Remember the early 90s, when everyone wore bright yellow and pink pants?

This was a time when America was prospering, a time when there was a buzz of optimism in the air. The Berlin Wall had fallen, Socialism was on its way out and we could achieve anything we set our minds on. Then along come 911, stock market crashes and a myriad of other upsetting world events. As the years passed our clothes became darker, our attitude more stoic — and so did user interface design.

I design user interfaces on a day-to-day basis, typically for Windows-based clients. What’s struck me recently, after a few weeks using iOS 7 on my personal devices, is how faded and dull earlier operating systems are. There’s a heavy emphasis on blue, black and grey; on keeping things serious:

With iOS 7, Jony and the design team at Apple have unleashed a user interface onto the world that feels alive. Background elements respond to your movement in real time, messages and panels are tied to a physics engine giving them a realistic weight, the entire experience is a real departure from earlier versions. But what really stands out is its use of color. iOS 7 is packed with vivid gradients and bold colors that leap off the screen:

iOS 7 Control Center

Let me tell you: my clients have started to love colour. I’m frequently told to make designs more colourful, often by some of the biggest and most corporate companies you can imagine. These are the types of people who wear dark suits all day long, sit in beige offices and stare at dull grey monitors.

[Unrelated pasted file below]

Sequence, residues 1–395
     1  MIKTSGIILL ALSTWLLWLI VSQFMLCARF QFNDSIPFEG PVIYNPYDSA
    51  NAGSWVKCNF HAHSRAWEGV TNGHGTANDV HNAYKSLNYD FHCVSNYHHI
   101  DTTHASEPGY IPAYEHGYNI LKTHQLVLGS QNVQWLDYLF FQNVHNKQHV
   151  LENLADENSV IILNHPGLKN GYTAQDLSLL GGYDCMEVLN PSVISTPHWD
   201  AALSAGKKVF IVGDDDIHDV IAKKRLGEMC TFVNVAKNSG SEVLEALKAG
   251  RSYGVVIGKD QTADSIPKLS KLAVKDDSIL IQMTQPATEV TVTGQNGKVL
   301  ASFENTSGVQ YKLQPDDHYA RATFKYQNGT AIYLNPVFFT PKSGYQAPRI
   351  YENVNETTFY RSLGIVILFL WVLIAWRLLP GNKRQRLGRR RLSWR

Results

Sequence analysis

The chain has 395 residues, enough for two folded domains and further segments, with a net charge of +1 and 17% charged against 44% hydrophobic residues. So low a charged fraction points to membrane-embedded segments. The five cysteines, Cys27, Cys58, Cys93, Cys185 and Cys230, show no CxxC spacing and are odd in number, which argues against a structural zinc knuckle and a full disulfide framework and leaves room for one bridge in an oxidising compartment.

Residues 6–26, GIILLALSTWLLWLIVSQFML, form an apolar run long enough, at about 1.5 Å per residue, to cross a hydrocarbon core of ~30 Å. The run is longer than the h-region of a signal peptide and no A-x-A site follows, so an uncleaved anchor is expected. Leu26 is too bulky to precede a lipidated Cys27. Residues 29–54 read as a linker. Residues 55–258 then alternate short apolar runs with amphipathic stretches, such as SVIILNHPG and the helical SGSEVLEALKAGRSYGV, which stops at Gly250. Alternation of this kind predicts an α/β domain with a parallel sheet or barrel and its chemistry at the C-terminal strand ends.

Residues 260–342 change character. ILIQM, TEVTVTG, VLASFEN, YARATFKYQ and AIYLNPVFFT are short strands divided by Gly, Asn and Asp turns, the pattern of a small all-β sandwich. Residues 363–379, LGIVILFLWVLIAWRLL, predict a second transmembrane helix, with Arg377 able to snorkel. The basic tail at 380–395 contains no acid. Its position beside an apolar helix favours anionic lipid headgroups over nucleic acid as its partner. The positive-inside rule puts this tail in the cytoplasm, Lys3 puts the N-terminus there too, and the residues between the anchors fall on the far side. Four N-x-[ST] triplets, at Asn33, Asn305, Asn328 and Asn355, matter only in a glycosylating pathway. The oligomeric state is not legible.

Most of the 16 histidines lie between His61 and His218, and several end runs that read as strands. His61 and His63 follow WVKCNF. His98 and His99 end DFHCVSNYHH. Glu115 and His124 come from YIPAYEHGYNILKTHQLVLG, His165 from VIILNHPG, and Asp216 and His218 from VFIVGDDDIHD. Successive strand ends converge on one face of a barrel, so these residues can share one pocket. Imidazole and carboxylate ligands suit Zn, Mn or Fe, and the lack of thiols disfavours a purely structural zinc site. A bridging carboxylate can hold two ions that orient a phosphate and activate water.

I think there’s been a shift over the last couple of years to interfaces with brighter colours, and it appears to reflect the mood of countries across the world, as we move from a post 911/recession economy to more prosperous times. We’ve already seen a hint of this in developing countries where optimism runs high. Vivid colours can be seen on the clothes people wear, on the posters and billboards lining buildings, even on the graffiti and tags:

mexican street art

It’s clear to me that iOS 7 is leading a movement towards UIs that sport brighter, more vivid colours. What might seem garish on first appearances soon becomes playful and inviting, and as its public release approaches in September, I’m more confident than ever that users are really going to love it. iOS 7 promises to cheer up a world that’s bogged down by cynicism and apathy. I can’t wait for the party to get started.

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